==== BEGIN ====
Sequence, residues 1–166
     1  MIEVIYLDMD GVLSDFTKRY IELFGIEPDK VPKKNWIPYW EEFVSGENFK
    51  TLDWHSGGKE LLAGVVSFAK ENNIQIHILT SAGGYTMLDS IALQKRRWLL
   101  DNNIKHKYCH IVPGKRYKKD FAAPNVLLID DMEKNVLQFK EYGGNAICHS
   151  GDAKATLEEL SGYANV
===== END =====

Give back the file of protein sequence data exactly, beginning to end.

Sequence, residues 1–166
     1  MIEVIYLDMD GVLSDFTKRY IELFGIEPDK VPKKNWIPYW EEFVSGENFK
    51  TLDWHSGGKE LLAGVVSFAK ENNIQIHILT SAGGYTMLDS IALQKRRWLL
   101  DNNIKHKYCH IVPGKRYKKD FAAPNVLLID DMEKNVLQFK EYGGNAICHS
   151  GDAKATLEEL SGYANV